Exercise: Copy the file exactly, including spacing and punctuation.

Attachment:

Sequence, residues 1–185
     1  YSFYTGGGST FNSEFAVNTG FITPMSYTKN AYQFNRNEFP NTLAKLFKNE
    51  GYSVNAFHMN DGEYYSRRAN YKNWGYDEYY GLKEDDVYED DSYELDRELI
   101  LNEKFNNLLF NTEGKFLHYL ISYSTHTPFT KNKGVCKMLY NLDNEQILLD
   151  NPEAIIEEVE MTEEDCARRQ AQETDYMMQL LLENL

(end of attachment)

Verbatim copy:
Sequence, residues 1–185
     1  YSFYTGGGST FNSEFAVNTG FITPMSYTKN AYQFNRNEFP NTLAKLFKNE
    51  GYSVNAFHMN DGEYYSRRAN YKNWGYDEYY GLKEDDVYED DSYELDRELI
   101  LNEKFNNLLF NTEGKFLHYL ISYSTHTPFT KNKGVCKMLY NLDNEQILLD
   151  NPEAIIEEVE MTEEDCARRQ AQETDYMMQL LLENL